REVIEW | ‘Alien: Covenant’ is a gripping thriller for the horror sci-fi lover

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Billy Crudup and Michael Fassbender in 'Alien: Covenant.'

The first movie in the “Alien” franchise was shown in 1979. Directed by Ridley Scott, “Alien” was arguably one of the more spine-tingling films of its time. It was such a memorable horror sci-fi flick, one that made Sigourney Weaver a household name and whoever saw it feared the existence of alien life forms in outer space.

Weaver stayed throughout all three succeeding films but Scott did not. It took a long time and a prequel for Scott to direct an “Alien” film again, and this was “Prometheus,” which was shown in 2012. “Alien: Covenant” is set 10 years after the “Prometheus” mission and somewhere towards the tail end of the film explains what happened to Dr. Elizabeth Shaw (Noomi Rapace) and David (Michael Fassbender), the android butler of the mission.

“Alien: Covenant,” only the third “Alien” film directed by Scott in the franchise, is probably the one die-hard “Alien” fans have been waiting for.

“Covenant” does well in startling, and scaring the viewers to an extent. It’s closer to the first “Alien” film, fear factor wise. You have your vicious, merciless creatures: Chestbursters and Facehuggers, Xenomorphs and even the Neomorph—out to body-snatch, consume and kill every member of the crew. It is intense when it wants to be; which is about 80 percent of the film.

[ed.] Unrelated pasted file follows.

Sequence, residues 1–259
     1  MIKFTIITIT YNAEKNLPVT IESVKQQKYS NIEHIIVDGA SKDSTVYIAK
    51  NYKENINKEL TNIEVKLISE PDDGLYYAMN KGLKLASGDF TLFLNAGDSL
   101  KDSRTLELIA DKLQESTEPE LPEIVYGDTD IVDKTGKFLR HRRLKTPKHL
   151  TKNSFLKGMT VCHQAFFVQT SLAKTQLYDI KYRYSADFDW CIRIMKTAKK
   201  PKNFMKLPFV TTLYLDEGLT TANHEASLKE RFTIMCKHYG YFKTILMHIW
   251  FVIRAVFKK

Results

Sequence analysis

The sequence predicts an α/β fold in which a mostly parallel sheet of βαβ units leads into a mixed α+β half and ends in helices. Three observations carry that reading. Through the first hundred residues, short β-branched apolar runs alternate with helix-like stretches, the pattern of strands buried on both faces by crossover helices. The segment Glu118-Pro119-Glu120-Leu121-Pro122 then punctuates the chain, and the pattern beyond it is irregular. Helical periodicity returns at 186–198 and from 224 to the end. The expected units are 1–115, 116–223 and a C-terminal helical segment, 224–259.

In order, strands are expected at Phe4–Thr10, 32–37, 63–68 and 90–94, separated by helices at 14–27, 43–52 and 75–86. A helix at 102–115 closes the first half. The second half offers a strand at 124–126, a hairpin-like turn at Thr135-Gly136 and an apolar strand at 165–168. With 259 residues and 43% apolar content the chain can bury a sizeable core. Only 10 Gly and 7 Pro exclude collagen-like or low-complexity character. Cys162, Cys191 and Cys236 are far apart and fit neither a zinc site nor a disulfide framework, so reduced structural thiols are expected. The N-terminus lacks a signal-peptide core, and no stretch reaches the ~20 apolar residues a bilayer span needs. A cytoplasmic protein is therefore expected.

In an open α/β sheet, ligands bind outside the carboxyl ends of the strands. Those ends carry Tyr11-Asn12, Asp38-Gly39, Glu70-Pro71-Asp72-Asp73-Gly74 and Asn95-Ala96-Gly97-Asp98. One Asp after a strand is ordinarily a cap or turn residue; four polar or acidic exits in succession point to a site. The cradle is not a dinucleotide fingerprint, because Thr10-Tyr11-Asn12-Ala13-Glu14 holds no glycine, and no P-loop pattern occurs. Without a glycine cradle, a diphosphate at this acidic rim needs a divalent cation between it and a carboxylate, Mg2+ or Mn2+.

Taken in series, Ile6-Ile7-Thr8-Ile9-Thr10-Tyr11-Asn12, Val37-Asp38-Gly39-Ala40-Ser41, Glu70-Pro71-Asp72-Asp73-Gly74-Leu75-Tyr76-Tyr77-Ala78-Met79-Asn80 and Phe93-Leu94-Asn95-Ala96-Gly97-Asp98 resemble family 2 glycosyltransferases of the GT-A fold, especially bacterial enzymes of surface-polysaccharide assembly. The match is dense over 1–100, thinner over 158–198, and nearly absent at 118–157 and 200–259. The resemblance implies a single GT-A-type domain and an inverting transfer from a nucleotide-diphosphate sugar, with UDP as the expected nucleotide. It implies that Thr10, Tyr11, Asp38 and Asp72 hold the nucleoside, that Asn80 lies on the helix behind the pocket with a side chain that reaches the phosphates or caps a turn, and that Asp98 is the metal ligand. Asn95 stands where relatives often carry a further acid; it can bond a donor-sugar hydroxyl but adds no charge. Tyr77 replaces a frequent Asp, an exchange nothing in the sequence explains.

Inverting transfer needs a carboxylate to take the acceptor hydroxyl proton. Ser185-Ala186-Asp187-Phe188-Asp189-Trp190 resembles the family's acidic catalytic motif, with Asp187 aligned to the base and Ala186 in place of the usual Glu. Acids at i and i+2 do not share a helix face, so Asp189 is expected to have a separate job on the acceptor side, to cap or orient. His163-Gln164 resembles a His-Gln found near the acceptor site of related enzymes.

In between serious discussions and arguments, and occasional quips among crew members; as well as light doses of grief-induced drama and a sexy shower scene, what you see is a gripping suspense thriller for the horror sci-fi lover. Ridley Scott hasn’t lost his sci-fi touch—something he proved last year with “The Martian.”

The film stirs the same brand of fear you get from the first ever “Alien” film. There is enough blood, gore, acid and mutilated body parts to go around for everyone who’s watching. What it lacks though is an unforgettable protagonist—as was the case with Ellen Ripley, Sigourney Weaver’s character.

Although Katherine Waterston as Daniels Branson is effective as the grieving wife of the deceased ship captain and as a resilient survivor, her character isn’t quite as remarkable to warrant another series of films.

The most chilling aspect of the film isn’t the existence of those hideous extraterrestrials; and the most hideous creature isn’t the Xenomorph or Chestburster.

Michael Fassbender returns to “Alien: Covenant” as Walter, an upgraded version of David; and as David himself. It’s amusing to watch Fassbender portray two characters that are so similar yet so different, representing two opposing sides—good and evil.

Despite stoic facial expressions and lines that only show a hint of emotion, David is the most hideous, detestable character of all –an absolute evil on a relentless quest to perpetuate the unthinkable and extinguish the human race. And the most chilling part of the film? Evil wins.